No Charges For Chara For The Good Of Sports

17thNov. × ’11

It was announced today, that Zdeno Chara would not be charged for his hit on Canadiens forward Max Pacioretty. Outraged fans, egged on by irresponsible ratings whores like Tony Marinaro, paralyzed the cities police force fielding hundreds of calls in the wake of an unfortunate play that was not deemed worthy of suspension. The hit did propel sweeping structural changes around the NHL, and Pacioretty has not only made a full recovery, and stated he didn’t feel charges were justifiable, but gone from cog to cornerstone of the team.

The Connecticut native is one of a number of Americans propping the team up. His eight goals through the first eighteen games leads the boys of the Belle Centre. His assist total brings him to second in points on the team. The +4 that goes with these, is five higher than it was last season, and he’s doing it all in two full minutes more per game. At this Pacioretty stands a good chance of doubling last years numbers in the same number of games.

As good as it is for Zdeno Chara and his family, friends, team and fans that there will be no charges, and to see Pacioretty not just recover but thrive, this is possibly the best day sports have seen in the halls of law in decades. The precedent that would have been set if this had resulted in charges is so inimical to sports both organized and casual that it can not be overstated. If contact sports suddenly become subject to regular criminal charges for in game behavior, law enforcement becomes another tool for winning and everyone loses.  Boxing and mixed martial arts would become impossible to maintain. Football and rugby would be gone in a flash.

Referee manipulation is something that already happens in sports. Certain star quarterbacks in the NFL can get calls their way just for gesturing at the officials. Diving in hockey is so much a part of the culture on certain teams that eradicating it would take years. Imagine how much worse things would be if Eli Manning could whistle up the state police between downs to have whichever defensive lineman hit him dragged off for hitting him “too hard” or if Alex Burrows or other gifted actors demanded the police remove a visiting player for a devastating hit.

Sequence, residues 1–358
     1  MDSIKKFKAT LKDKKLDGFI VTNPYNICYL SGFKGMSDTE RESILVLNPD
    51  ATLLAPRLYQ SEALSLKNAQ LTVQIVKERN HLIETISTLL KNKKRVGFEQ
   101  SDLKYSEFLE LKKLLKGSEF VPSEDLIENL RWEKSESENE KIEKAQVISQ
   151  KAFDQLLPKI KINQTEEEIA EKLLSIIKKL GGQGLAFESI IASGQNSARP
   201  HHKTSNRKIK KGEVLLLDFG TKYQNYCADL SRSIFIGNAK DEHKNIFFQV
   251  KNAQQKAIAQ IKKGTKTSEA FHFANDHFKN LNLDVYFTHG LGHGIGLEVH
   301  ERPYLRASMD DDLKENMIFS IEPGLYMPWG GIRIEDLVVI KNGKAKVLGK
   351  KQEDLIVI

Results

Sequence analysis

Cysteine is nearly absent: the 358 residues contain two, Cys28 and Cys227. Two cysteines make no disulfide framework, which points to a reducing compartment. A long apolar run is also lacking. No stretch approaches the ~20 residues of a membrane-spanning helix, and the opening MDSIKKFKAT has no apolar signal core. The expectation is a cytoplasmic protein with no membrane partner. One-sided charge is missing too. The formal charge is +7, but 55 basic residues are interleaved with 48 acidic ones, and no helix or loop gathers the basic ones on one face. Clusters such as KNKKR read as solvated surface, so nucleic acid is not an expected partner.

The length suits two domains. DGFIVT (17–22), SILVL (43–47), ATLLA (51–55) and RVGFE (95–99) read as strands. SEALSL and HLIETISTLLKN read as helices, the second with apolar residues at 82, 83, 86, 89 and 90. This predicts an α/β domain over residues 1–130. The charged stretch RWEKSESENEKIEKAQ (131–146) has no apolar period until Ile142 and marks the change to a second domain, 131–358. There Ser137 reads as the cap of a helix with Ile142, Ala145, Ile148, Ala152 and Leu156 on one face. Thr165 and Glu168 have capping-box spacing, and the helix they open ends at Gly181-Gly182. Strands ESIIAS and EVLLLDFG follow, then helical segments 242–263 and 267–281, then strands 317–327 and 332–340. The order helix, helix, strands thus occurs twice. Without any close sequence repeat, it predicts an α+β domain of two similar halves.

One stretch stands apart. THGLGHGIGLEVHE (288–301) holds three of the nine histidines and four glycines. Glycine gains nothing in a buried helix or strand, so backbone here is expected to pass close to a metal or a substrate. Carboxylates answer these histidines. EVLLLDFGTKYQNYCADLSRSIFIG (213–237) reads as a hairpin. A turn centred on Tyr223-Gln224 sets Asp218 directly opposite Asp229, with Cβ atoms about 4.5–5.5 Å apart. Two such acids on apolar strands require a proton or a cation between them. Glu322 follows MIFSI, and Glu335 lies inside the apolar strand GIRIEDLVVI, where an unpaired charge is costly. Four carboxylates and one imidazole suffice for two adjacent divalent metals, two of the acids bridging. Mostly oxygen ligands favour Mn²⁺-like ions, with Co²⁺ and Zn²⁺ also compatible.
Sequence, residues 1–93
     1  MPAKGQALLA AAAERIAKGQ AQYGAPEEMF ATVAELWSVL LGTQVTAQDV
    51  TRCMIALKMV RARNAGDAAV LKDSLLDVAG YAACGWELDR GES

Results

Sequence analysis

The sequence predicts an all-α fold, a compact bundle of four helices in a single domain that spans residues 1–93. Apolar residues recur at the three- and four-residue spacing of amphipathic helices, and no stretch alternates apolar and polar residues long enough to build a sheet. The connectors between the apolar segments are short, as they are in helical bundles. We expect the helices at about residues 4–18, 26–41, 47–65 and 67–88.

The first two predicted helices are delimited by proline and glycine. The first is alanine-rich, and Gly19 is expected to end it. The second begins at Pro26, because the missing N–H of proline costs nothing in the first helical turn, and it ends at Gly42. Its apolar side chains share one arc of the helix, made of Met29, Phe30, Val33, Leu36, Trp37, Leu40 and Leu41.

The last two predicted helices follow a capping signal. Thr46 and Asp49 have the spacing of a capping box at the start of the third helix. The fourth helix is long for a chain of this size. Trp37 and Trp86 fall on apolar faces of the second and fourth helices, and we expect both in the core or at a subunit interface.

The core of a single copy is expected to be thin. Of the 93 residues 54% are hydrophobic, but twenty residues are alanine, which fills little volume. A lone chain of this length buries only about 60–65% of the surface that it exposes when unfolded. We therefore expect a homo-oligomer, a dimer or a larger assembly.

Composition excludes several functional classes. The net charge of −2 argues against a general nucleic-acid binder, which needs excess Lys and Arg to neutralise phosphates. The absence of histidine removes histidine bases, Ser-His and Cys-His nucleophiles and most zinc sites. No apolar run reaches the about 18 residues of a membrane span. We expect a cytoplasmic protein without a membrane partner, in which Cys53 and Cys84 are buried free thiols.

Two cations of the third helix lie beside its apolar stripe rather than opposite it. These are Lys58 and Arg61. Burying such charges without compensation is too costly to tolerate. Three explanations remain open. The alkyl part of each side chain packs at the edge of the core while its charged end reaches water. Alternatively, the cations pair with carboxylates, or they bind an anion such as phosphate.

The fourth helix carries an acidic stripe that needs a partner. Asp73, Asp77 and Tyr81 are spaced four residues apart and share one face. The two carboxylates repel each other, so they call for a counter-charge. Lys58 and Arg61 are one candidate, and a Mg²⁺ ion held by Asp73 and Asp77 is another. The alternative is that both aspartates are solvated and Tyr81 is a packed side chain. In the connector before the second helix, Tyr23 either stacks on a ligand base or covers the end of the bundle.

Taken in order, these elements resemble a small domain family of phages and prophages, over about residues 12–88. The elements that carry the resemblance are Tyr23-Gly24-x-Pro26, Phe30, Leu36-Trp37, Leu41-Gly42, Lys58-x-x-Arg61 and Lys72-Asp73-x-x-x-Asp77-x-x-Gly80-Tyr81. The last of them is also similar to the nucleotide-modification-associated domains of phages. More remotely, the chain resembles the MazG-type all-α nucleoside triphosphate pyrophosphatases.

How deep would teams rosters need to be just to play a week? How deep would they need to be too make it a season? How much money would companies like Reebok and Under Armour lose terminating endorsement deals on a regular basis? Given the inefficiency of the legal process, how long would players have to wait in jail before their trials? Even the ones released might lose their ability to travel between states or back and forth across international borders.

Say what you will about the hit. You can hate it. You can believe it was indeed a criminal act. It doesn’t matter. If you enjoy contact sports; football, hockey, soccer, lacrosse, rugby or any of the rest this is your victory as much as it is Zdeno Chara’s. Today men and women can breathe a sigh of relief as a threat to the income of thousands of people across two countries tied together by the NHL and all the programs that feed into and from it have a threat to their way of life put aside.




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